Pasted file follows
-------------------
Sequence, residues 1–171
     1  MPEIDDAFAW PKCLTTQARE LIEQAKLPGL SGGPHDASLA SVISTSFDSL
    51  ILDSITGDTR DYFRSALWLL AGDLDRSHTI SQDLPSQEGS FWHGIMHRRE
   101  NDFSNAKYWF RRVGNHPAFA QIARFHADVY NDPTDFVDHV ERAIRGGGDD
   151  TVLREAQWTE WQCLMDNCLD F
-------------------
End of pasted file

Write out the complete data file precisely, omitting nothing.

Sequence, residues 1–171
     1  MPEIDDAFAW PKCLTTQARE LIEQAKLPGL SGGPHDASLA SVISTSFDSL
    51  ILDSITGDTR DYFRSALWLL AGDLDRSHTI SQDLPSQEGS FWHGIMHRRE
   101  NDFSNAKYWF RRVGNHPAFA QIARFHADVY NDPTDFVDHV ERAIRGGGDD
   151  TVLREAQWTE WQCLMDNCLD F